Gable details, Dickison Residence (1884-5). Photo by Eric Payne.
Decorative frieze at central bay, Dickison Residence (1884-1885). Photo by Eric Payne.
Central bay with frieze at the Dr. Bainbridge Folwell Office and Residence, Buffalo, NY (1885).
Detail of Entry gable, John Bemis Residence, Buffalo, NY (1885).
Another common characteristic that can be seen in work from all of Silsbee's offices is a great attention to detail in the wood trim. Very often, the trim is made up of multple pieces of molding, combined to create a very large composite frame that very crisply outlines the gable, eave, banding, and other decorative elements. In the Dickison home, the gables, eave and frieze are all outlined with a compound banding. When you compare this with the one of the Speculative Homes that Silsbee designed for E. B. Smith in Buffalo and for Andrew McKnally, in Chicago, you can see many similarities.
Gable and frieze at central bay of Dickison Residence (1884-5). Photo by Eric Payne.
Gable detail of Speculative Home for E. B. Smith, Buffalo, NY (1886).
Gable and dormer details from Speculative Row Homes for Andrew McNally, Chicago, IL (1884-5).
Though the home has many defining characteristics, there are some elements on it that are a bit puzzling. As I mentioned earlier, the overall form, as it exists, does not seem typical of what Silsbee might have produced. There is also an interesting bay/oriel at the second floor, on the north side, that has a tower-like appearance at the roof line. This too seems like a foreign element. It is possible that the porch and other details that were removed would have given it a very different appearance, making the small tower seem less random.  I also imagine that if more were known about Silsbee & Hall's other works, of which there were many, these elements wouldn't seem so strange. I think this is part of the difficulty with conducting such research.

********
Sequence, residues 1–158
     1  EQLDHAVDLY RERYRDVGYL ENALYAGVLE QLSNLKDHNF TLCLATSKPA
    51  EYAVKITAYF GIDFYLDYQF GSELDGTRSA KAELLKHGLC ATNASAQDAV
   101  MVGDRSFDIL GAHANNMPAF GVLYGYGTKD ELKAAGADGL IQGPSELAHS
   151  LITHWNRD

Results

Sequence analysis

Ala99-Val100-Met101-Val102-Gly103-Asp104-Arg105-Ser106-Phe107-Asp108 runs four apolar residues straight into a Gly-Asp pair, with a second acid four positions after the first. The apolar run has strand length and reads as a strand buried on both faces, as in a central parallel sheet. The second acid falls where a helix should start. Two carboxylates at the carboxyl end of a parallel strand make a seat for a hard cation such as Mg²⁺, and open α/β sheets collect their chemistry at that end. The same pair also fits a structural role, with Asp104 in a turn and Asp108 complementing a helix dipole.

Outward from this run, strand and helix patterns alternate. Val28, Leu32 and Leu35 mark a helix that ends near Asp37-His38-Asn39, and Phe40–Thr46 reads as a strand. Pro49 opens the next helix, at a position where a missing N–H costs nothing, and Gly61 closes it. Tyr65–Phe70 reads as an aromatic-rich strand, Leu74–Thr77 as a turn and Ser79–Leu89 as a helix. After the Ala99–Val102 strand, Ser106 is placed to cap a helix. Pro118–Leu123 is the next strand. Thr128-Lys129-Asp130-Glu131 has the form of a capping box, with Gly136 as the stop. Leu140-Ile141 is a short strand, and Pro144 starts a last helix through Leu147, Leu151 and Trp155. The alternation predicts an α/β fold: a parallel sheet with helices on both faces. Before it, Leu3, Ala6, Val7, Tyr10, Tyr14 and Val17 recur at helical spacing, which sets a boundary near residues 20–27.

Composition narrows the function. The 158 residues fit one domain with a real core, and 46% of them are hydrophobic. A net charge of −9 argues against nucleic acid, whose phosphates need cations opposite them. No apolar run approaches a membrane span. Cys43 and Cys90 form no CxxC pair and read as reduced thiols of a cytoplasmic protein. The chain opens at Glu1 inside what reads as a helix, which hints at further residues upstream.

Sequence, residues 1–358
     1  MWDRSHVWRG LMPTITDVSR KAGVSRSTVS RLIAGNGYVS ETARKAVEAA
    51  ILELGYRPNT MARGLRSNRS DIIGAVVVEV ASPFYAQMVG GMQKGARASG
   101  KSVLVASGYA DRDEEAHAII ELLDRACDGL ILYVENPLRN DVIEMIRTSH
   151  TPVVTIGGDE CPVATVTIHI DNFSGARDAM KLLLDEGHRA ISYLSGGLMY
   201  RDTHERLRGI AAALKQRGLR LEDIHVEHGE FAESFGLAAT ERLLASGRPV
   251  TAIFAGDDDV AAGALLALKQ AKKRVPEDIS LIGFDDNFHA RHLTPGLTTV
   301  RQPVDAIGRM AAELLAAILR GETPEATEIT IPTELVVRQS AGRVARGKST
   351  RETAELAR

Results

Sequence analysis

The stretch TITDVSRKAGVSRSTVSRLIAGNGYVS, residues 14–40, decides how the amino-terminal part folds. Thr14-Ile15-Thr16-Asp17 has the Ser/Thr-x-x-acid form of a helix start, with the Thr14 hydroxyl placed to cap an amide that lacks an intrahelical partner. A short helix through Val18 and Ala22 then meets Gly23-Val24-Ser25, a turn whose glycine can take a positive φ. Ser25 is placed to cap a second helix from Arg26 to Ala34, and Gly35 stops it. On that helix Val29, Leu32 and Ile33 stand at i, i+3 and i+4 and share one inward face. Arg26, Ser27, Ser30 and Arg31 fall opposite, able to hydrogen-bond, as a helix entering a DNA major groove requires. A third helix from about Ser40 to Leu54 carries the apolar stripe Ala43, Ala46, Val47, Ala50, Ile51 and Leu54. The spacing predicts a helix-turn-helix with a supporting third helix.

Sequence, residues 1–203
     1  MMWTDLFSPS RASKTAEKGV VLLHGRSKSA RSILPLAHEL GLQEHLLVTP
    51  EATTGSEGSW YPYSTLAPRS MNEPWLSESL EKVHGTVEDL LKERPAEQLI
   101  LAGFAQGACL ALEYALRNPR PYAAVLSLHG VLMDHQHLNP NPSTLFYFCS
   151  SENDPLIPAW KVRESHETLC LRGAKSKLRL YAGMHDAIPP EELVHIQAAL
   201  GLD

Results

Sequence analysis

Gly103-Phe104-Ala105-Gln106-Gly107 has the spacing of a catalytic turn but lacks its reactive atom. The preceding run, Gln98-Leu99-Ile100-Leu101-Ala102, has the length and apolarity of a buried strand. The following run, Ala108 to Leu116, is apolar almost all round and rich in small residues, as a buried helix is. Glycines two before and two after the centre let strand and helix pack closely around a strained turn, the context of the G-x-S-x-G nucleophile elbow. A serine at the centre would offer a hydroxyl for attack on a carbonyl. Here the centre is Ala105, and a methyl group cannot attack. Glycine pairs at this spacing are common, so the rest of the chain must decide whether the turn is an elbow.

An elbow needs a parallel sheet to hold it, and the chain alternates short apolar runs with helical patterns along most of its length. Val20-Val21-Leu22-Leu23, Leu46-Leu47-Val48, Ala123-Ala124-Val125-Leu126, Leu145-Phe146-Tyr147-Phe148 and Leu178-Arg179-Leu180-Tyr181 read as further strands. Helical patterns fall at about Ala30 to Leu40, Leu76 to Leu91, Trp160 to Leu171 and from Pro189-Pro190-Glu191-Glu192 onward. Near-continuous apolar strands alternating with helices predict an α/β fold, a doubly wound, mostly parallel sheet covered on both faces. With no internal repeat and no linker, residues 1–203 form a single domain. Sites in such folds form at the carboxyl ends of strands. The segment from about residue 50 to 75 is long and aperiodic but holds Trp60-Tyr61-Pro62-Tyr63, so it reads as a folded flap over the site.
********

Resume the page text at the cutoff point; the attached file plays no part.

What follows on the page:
Detail of side bay/turret and existing chimney, Dickison Residence (1884-5). Photo by Eric Payne.
Ultimately, given the evidence that we do have, I am confident that this home was designed by Silsbee & Hall and it is an exciting find. There is enough physical evidence relating the home to other Silsbee works and enough documentation to tie Dickison to the home and its construction. It is unfortunate that a majority of the home is not what it was but there are still some distinctive decorative features that have been preserved and are a testament to Dickison’s attention to detail and craftsmanship. The Dickison Residence is an excellent example of a relatively modest home by Silsbee & Hall of this period and historically significant because it was the home of a figure who played a significant role in the construction of many significant Central New York structures. 

Side gable depicting scrolling motif with pineapple, Dickison Residence (1884-5). The pineapple is commonly used to signify welcoming in residential design. Photo by Eric Payne.